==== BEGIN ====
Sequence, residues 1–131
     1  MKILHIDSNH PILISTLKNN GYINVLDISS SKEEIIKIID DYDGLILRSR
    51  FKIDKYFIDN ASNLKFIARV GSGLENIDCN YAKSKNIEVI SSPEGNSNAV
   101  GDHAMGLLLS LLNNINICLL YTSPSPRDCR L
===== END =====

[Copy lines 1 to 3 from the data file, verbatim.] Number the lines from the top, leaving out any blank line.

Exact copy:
Sequence, residues 1–131
     1  MKILHIDSNH PILISTLKNN GYINVLDISS SKEEIIKIID DYDGLILRSR
    51  FKIDKYFIDN ASNLKFIARV GSGLENIDCN YAKSKNIEVI SSPEGNSNAV